We can only resolve differences constructively by respecting the integrity of collective channels, bodies, and democratic processes. No one should have to hear things via the grapevine. Healthy collectives make it possible for anyone to raise concerns, questions, issues, complaints, or criticisms and create the atmosphere for a comradely exchange of views and experiences.

We can only resolve differences constructively by respecting the integrity of collective channels.

There is far more that unites the party, including: our understanding of the revolutionary role of our working class; our strategy and tactics in the 2016 elections; the fight for racial and gender equality; the urgency of addressing the existential threat of climate change; our socialist vision rooted in economic and political democracy; and our understanding of the essence of a revolutionary party rooted in the ideas of Marx, Lenin and our own American revolutionary democratic tradition.

A few weeks ago, we phone banked over 1,000 new members and had many wonderful conversations. This was their first direct contact for most, and they were excited to receive the call. They love the Party and are eager to be more involved. These new members are precious, a part of the future that unites us. They are counting on us.

Current differences

Over the last few years, we have experienced some sharp differences on: the role and nature of the party; the approach to youth; the centering of resources around People’s World and mass communications; organizing our theoretical work; and most recently, election tactics and the resignation of Sam Webb, the former national chair of the CPUSA.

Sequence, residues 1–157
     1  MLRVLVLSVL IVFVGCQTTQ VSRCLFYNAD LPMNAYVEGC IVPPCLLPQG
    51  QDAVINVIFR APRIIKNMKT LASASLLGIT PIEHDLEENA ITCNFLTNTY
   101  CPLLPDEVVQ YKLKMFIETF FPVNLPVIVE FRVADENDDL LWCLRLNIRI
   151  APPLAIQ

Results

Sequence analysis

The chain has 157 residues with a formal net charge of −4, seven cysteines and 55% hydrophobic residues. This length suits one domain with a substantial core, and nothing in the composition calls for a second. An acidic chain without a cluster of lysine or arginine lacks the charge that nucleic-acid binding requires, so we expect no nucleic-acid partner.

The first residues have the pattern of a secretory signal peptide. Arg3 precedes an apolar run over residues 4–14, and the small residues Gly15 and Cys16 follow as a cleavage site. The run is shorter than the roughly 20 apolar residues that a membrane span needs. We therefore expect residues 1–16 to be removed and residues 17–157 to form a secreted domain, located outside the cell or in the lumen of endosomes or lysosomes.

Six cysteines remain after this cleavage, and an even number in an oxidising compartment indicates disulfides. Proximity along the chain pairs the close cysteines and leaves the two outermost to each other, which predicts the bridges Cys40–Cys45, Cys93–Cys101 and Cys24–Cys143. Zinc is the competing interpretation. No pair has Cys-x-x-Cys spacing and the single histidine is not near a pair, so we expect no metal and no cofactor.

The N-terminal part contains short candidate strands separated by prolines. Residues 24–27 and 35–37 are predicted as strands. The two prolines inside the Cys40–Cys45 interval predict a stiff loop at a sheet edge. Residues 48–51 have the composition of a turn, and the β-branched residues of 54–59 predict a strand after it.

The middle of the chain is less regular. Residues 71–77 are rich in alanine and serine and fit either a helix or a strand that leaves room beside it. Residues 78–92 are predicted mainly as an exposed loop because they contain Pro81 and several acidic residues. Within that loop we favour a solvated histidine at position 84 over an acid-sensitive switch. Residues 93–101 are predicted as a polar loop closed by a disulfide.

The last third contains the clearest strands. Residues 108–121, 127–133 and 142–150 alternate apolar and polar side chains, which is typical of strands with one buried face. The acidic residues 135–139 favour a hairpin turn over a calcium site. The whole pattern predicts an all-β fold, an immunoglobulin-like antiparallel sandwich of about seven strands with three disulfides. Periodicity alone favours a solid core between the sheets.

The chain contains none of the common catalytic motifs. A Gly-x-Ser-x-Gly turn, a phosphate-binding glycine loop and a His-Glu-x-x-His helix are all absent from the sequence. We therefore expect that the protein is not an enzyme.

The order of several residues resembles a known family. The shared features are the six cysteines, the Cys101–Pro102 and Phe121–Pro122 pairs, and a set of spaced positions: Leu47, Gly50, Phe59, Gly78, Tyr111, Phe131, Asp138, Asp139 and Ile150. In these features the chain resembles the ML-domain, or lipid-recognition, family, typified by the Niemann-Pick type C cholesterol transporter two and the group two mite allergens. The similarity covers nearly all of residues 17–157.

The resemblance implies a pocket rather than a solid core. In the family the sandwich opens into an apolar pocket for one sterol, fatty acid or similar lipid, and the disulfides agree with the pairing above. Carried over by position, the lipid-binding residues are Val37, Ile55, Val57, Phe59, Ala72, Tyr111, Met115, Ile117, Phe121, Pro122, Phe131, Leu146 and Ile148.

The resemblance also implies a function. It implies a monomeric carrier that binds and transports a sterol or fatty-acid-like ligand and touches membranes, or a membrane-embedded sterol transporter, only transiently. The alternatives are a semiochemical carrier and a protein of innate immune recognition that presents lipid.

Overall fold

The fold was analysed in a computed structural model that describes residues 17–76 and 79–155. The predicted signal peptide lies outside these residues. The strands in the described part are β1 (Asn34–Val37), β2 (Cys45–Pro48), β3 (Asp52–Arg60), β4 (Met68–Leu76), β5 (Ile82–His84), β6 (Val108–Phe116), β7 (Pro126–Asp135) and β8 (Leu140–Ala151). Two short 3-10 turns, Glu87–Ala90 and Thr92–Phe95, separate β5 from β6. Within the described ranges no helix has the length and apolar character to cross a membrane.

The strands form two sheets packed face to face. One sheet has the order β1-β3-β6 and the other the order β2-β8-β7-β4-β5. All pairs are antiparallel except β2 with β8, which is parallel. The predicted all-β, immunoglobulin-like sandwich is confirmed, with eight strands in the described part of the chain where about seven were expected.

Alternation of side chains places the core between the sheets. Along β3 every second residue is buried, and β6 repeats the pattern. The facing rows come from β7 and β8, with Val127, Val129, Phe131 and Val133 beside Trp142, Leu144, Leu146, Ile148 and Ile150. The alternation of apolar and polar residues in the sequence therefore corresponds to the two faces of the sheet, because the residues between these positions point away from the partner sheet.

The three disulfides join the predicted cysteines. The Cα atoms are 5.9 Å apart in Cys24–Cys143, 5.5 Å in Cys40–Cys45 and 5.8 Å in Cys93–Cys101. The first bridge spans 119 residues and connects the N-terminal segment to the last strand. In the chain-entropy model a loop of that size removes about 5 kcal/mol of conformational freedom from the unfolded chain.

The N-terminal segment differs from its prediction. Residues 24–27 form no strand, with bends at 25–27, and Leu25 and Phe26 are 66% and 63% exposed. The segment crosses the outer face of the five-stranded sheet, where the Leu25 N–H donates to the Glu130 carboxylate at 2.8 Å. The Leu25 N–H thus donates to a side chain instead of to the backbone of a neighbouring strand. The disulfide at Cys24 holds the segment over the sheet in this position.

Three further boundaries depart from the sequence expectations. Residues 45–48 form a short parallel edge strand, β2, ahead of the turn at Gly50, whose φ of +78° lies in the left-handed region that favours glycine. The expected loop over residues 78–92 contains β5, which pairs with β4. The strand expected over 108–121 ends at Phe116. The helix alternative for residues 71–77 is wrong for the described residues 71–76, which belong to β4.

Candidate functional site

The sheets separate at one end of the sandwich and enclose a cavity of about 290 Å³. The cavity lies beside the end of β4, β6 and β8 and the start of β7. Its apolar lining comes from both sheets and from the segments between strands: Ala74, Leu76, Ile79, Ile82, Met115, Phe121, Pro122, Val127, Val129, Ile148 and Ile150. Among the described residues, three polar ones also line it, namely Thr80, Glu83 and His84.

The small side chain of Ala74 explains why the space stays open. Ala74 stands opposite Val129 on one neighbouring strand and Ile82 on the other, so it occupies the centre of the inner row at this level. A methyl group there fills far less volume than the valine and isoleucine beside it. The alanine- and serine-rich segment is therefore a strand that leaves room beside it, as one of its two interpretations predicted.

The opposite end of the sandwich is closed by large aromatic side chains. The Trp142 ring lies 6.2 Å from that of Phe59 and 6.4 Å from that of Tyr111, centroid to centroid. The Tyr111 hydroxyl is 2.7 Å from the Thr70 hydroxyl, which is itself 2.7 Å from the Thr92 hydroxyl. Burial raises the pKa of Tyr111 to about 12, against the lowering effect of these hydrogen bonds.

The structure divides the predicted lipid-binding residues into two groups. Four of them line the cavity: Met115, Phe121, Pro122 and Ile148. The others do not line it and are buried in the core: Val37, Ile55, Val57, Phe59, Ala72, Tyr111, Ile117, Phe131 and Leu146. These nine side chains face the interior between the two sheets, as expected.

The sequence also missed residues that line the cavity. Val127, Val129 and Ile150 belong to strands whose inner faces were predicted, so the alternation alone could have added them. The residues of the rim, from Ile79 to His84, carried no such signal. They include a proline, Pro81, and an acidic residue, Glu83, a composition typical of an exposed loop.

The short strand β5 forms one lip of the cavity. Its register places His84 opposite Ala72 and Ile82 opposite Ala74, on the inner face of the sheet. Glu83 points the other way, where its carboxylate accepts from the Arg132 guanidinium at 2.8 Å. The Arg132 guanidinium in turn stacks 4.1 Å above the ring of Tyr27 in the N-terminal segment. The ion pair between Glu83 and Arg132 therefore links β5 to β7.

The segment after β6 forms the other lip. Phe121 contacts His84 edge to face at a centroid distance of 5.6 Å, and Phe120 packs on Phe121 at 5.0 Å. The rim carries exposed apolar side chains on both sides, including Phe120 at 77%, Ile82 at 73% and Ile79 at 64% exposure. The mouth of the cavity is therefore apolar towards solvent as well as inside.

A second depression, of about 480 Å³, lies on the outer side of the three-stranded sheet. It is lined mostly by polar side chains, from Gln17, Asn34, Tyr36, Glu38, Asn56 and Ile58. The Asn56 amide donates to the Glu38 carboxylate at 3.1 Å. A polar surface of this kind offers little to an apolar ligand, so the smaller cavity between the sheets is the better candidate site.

(The work of,, our approach to youth, and membership engagement and outreach were addressed in remarks by others to the meeting.)

I want to address some rumors and outright falsehoods that have created confusion, distractions, and suspicion. There is a lot of misinformation that has contributed to unnecessarily sharpening differences. Because these rumors and “fake news” have circulated outside collectives and on social media, it is very difficult to address them forthrightly.

First, there is no proposal to dissolve state organizations or clubs. A few members raised this idea during the 2014 pre-convention discussion period and even in the post-convention period.

For many years we have advocated building a network of vibrant grassroots action-oriented clubs. This is why we created a new assignment, which Rossana Cambron agreed to undertake, called Membership Engagement Coordinator. Her job is to assist building clubs and state organizations and encourage ways to involve members in activity. This is also why we hold National Schools for club and district activists and provide forums for exchanging experience.

However, this comes with a caveat: we should not be limited by past conceptions of how clubs are organized. We should be flexible and open to different forms of organization, i.e. neighborhood, citywide, workplace, campus, via teleconference or Skype, or based on interest. We should experiment with anything that brings people together in common collective action.